26 October 2021
Got a great business idea?
How to set yourself up for success and navigate ‘the new normal’.
The last couple of years have been undeniably tough on small businesses forced to weather the pandemic and the associated economic downturn. It has been a time of uncertainty that has tested the strength and resilience of even the most seasoned of operators.
By definition, ‘resilience’ is the ability to rebound or recover, and now many people are drawing on theirs to start something new. If you have an idea for a business, or even a kernel of one, we want to help you get your wheels in motion.
Starting a business in ‘the new normal’
A lot has changed in the last couple of years in the way we work, shop and live. With daily life gradually becoming something more recognisable, it’s not necessarily a bad time to start a business, especially if your product or service helps people live their lives better or caters to their needs right now.
During the pandemic, the businesses who responded quickly and redefined their niche not only survived but thrived. Take Australia’s Stagekings, whose quick pivot from creating theatre sets to home office furniture saved the company. Others went from distilling gin to pumping out hand sanitiser.
Equally, as we step forward into the ‘new normal’, it comes down to having the right offering at the right time or solving a problem (or need) the customer didn’t have before.
So how do you work out if your new business idea is sound? Start by asking yourself these five thought-starters:
1. Have I identified a new need that customers have? Is this need likely to continue in the next few years?
2. Is my product or service better than the current alternatives? Am I doing it differently, or just recreating old business models?
3. Will I have enough time and money to start this business? Can I keep it going until my business is profitable?
4. Do I have the right experience or qualifications to solve this customer problem? Can I hire others (freelance or consultant) or find a co-founder to help me if I need it?
5. What are my legal obligations? Will I need to set up a company? An ABN? What about paying tax? What kind of business or professional indemnity insurance might I need?
While it sounds like a lot to think about, if you can answer most of these questions with a solid yes and you’re across what needs to be done from a legal perspective, you could be well on the way to setting up your new business.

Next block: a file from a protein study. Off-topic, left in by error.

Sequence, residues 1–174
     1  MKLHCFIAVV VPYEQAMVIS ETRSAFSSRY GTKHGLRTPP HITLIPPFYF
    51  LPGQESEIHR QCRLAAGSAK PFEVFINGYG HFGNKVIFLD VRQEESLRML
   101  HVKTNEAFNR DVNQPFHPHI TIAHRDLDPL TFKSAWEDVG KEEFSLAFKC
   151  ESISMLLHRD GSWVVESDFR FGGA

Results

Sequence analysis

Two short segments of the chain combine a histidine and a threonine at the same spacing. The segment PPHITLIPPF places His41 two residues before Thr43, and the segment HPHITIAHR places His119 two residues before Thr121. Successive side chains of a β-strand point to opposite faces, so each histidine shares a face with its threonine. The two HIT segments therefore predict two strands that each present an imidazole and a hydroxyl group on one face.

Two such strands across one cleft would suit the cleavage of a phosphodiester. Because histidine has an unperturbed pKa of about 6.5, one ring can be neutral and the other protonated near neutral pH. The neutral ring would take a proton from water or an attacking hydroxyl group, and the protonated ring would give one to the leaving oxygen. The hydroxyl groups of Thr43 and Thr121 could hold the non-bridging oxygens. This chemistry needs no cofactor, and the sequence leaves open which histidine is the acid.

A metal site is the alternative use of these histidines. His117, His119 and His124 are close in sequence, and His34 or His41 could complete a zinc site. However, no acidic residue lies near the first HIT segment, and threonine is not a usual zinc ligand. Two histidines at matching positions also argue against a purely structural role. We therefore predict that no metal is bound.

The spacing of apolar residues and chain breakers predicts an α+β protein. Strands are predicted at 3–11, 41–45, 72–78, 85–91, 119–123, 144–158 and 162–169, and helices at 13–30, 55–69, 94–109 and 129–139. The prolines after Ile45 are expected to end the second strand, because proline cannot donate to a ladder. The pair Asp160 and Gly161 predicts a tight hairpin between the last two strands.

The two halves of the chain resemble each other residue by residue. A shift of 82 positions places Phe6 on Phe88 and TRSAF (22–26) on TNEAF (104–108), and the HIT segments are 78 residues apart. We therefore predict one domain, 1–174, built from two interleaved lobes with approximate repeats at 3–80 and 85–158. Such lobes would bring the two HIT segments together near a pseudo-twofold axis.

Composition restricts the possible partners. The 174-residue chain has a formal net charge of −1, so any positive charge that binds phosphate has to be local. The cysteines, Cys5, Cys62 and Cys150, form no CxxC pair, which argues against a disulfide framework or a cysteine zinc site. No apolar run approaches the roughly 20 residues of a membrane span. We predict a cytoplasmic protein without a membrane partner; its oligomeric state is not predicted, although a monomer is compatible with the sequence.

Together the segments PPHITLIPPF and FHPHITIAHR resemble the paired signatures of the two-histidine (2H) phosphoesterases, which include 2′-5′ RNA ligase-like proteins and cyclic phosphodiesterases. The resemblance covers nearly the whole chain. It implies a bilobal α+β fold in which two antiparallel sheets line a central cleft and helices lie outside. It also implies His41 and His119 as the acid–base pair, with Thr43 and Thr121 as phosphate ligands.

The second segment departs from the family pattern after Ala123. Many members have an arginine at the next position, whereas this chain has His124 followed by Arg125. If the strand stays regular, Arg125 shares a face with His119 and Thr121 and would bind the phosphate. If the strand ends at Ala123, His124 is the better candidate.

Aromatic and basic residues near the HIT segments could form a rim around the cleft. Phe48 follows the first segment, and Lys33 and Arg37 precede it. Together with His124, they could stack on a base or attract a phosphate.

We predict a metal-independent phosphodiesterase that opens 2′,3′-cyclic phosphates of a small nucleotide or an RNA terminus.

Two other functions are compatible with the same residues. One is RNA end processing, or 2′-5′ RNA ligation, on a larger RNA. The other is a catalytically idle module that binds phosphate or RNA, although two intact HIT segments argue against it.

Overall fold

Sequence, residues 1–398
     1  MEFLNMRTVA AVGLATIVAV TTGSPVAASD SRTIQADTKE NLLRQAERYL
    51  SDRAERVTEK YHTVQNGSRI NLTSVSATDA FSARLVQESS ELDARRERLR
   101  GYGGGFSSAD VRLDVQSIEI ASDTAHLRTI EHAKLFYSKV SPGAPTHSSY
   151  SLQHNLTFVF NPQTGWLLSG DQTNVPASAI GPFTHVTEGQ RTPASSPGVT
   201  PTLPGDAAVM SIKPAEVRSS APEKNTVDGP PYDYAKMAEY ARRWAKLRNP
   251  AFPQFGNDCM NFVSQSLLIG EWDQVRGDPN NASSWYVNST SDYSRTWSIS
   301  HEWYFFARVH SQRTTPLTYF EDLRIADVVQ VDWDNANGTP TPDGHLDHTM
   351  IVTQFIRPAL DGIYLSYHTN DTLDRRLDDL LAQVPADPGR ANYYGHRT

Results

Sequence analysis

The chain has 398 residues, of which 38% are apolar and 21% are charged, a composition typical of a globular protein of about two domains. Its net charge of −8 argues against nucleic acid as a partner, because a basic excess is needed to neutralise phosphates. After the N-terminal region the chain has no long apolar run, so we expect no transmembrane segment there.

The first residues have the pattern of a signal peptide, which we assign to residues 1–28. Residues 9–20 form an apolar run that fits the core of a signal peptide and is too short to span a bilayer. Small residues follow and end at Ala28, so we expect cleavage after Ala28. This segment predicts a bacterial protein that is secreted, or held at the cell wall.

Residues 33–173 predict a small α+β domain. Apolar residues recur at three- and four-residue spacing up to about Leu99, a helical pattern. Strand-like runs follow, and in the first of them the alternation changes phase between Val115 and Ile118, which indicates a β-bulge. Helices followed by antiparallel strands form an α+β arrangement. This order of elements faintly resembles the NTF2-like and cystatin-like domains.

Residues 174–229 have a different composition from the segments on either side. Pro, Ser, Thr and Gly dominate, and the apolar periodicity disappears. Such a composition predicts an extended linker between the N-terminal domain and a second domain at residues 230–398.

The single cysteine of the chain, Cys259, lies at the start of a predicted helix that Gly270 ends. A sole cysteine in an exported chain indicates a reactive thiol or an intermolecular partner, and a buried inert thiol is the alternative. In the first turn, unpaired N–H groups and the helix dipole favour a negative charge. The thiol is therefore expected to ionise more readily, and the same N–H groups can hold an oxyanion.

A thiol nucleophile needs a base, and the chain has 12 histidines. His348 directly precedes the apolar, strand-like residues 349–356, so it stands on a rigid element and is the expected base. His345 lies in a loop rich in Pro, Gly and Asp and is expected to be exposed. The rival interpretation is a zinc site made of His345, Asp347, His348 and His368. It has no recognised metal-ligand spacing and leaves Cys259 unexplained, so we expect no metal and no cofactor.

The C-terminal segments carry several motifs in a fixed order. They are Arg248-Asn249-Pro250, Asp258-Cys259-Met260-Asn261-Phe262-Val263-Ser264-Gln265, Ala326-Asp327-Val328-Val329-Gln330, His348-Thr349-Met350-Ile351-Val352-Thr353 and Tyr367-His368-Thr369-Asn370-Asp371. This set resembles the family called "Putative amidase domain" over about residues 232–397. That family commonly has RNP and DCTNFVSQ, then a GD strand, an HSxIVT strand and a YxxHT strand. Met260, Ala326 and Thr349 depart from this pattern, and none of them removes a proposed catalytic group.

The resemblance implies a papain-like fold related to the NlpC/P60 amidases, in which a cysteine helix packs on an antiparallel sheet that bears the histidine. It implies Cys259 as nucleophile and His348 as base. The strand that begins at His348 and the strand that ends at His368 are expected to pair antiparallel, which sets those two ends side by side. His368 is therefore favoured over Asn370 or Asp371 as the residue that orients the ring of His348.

Where to next? Turning your idea into something more tangible. Business Australia has put together a great step-by-step guide that can help you take the next steps, from seeking feedback to putting together a prototype.
Why right now could be the right time
From a financial perspective, with interest rates currently low it could be a good time to borrow capital to launch your business. You might find rent is currently more affordable as landlords try to fill empty spaces vacated by businesses that were forced to close. And you could pick up cheaper equipment as businesses sell off their inventory.
In addition, many people lost their jobs during the pandemic, which means for you as a potential employer, there’s a deep pool of skilled people out there.
Need some help?
There are some great online resources that can help you get your business up and running - and stay that way. Here are a few to get you started:
Business Australia is a great resource for any small-to-medium enterprise, with loads of helpful, practical advice on everything from managing cash flow to where to apply for business grants. Membership is free and you only need an ABN to join. The site has useful guides, templates and links to all kinds of resources a new business will need, all in one place.
With Health and Safety more of a priority than ever before, ensuring your staff, customers and suppliers are safe has never been more important. SafeWork Australia has a number of helpful tools and checklists to get you started.
The Australian Taxation Office (ATO) has a page dedicated to ‘Starting your own’ business with everything you need to know about getting your business up and running for taxation purposes. It also includes links to help you understand reporting and paying tax, records you need to keep and what you can claim.
Whether your business is a hobby farm or a consultancy, it’s important to know what type of insurance you’ll need. NRMA business insurance is available across Australia, including SA, WA and QLD. We offer many different types of insurance, from public liability to professional indemnity cover. Visit NRMA Insurance for more information or to get a quote.